December 9th, 2019 was the day I bought my first DSLR camera. With less cash in my pocket, I carefully chose a camera body along with a kit lens: the Nikon D3500.
Here are 5 valuable tips that I’ve learned throughout my 1-year journey as a beginner photographer:
Photography Tip #1: Being out there is really helpful
I remember myself sitting on my couch, scrolling on my Instagram, being jealous of other’s content, and thinking how I could actually shoot the same beautiful pictures that I was looking on my phone.
Months later, I understood that time had passed and I couldn’t afford to waste more time. So, I had to go out, grab my camera, and shoot things that inspired my imagination to create.
As I remember, these first times were the hardest of this period, I didn’t know how to use a DSLR camera, I didn’t know what kind of pictures I wanted to capture, and neither any great photoshoot locations.
BUT the magic had already happened! I was there, outside, playing with my camera, not caring at all about what others were saying and trying to capture pictures that felt good to me. And in a short time, I had broken the ice, and I was truly ready to take the next level.
Photography Tip #2: Try as much photography genres as possible
If you are looking to be a great photographer, then stop declining photoshoots that you are not feeling comfortable with and actually step into every opportunity which is coming up.
The best thing about being a beginner and aspiring photographer is that you are free to explore every photography niche there is. Fashion, street, landscape, events—armed with a camera, you can try it all out and improve your skill at the same time.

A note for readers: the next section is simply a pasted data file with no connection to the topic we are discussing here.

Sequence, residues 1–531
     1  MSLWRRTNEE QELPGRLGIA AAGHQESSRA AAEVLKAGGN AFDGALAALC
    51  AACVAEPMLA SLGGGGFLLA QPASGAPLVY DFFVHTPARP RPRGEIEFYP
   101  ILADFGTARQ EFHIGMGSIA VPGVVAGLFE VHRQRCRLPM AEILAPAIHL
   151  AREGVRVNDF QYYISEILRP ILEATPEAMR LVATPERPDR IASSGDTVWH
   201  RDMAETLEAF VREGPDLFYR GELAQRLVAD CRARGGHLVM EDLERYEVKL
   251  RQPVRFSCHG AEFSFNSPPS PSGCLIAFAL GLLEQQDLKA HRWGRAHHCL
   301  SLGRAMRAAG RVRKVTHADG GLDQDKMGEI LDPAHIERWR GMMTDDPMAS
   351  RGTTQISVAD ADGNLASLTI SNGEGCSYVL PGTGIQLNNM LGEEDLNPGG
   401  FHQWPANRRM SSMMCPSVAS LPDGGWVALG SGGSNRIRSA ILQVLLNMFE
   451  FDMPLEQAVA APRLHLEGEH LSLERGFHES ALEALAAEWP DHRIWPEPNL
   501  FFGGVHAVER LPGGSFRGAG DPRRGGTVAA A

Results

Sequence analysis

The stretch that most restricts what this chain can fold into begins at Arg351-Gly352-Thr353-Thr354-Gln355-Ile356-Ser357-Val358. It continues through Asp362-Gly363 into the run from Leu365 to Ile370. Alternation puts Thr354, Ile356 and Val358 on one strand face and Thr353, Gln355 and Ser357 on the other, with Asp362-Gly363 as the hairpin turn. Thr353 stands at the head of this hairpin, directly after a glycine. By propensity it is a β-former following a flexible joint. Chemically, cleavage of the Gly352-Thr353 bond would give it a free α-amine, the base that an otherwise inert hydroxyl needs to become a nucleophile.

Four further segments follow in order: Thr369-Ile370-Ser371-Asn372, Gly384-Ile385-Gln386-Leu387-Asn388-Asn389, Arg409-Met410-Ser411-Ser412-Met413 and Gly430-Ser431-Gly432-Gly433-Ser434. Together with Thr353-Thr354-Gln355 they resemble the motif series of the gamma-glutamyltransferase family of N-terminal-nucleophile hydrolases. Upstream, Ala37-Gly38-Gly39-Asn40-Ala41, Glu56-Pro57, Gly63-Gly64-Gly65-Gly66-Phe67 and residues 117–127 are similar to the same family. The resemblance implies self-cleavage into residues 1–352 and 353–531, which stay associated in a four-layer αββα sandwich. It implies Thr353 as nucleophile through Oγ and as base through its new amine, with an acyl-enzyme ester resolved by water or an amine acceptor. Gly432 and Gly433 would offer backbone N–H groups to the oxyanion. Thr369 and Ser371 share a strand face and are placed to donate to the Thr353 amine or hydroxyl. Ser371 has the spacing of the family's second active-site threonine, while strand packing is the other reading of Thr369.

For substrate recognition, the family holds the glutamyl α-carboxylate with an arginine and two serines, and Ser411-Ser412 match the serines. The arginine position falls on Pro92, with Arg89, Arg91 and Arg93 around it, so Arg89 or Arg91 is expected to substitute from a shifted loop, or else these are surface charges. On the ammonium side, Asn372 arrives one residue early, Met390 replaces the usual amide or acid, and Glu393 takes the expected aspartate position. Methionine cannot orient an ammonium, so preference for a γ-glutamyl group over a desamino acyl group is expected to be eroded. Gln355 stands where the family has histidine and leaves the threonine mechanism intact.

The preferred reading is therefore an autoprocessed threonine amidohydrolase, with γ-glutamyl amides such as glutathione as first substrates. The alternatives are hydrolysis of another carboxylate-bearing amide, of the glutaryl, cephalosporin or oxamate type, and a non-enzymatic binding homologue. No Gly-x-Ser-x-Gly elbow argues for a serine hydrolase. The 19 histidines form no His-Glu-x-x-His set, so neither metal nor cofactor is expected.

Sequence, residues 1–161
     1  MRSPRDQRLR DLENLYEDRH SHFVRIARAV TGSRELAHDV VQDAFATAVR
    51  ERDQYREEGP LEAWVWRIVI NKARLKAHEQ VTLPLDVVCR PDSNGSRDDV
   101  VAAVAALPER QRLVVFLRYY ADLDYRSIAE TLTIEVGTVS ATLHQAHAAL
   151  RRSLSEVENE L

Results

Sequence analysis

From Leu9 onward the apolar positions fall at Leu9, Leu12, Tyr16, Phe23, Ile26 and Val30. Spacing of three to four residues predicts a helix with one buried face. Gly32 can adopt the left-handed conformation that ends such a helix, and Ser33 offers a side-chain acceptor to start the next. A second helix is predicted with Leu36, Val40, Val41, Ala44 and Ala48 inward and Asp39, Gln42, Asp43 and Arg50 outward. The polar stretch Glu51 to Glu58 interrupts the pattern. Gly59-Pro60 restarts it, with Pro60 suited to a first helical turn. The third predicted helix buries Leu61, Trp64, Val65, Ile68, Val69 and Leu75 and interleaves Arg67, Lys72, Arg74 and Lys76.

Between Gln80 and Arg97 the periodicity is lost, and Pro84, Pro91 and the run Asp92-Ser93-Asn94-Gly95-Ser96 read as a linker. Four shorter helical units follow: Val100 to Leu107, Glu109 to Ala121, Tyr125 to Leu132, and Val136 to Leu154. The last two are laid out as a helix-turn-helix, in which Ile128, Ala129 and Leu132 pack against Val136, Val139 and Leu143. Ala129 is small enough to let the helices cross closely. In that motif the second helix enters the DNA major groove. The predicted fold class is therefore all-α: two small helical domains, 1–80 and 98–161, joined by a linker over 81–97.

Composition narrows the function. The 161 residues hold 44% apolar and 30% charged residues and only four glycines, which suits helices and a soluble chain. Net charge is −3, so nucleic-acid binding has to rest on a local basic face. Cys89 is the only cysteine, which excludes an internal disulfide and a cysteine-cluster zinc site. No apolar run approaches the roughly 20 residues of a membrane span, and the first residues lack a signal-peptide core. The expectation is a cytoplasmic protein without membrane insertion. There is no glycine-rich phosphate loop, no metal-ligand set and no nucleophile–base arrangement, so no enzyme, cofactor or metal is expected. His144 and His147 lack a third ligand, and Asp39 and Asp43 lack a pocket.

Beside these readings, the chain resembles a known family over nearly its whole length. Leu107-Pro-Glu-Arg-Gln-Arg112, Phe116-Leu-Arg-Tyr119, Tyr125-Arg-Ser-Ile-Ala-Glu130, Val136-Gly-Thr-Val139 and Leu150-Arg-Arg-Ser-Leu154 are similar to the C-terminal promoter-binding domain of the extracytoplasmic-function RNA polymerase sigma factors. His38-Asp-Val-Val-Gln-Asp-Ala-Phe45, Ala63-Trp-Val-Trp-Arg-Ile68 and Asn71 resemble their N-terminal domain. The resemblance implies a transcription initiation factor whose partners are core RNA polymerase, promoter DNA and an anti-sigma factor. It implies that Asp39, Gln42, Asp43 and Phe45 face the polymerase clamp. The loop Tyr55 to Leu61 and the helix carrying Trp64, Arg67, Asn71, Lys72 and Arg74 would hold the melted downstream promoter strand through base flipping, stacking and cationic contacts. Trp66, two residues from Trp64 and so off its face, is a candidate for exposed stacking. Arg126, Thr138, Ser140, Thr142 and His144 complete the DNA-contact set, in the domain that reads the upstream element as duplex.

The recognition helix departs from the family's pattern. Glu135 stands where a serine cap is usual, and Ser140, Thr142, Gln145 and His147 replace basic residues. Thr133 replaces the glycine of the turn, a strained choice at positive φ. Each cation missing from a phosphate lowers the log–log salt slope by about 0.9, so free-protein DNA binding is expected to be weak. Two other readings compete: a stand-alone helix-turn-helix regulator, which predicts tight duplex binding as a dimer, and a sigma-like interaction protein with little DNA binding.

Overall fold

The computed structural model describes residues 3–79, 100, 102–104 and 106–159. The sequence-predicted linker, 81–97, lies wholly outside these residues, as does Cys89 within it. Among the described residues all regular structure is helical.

As you gain more and more experience, you are going to discover what you actually like most and things will pull you into a few specific photography genres.
You will actually find that it’s hard to master a specific style if you don’t stick to it. In fact, it may be the very thing that could be holding you back from being successful in a particular niche.
Photography Tip #3: Quantity vs Quality
Oh.. This is a quite controversial topic to discuss about, but let’s do this!
On the one hand, quantity can be effective. Especially, when you are a beginner photographer, it’s very good to take as many clicks as possible. In this way taking more clicks obviously decreases the chance of delivering a not so good photograph. In this way, you will also be able to learn from your own mistakes and will help you understand what went wrong and what you can fix next time.
On the other hand, shooting many clicks may end up being more careless with your shoots, while you feel relaxed and you think that you can fix them in post. That means extra STORAGE & extra TIME.
And these two, are bringing me to Quality. Over some time, you will figure out that it will be impossible to keep shooting millions of photos. Because that means that you will need dozens of external drives to store all of these photos, but also a lot of time to pick up the best photographs and edit as always. So, when this time will come, don’t be afraid to take fewer pictures than you should and have no trouble deleting bad pictures.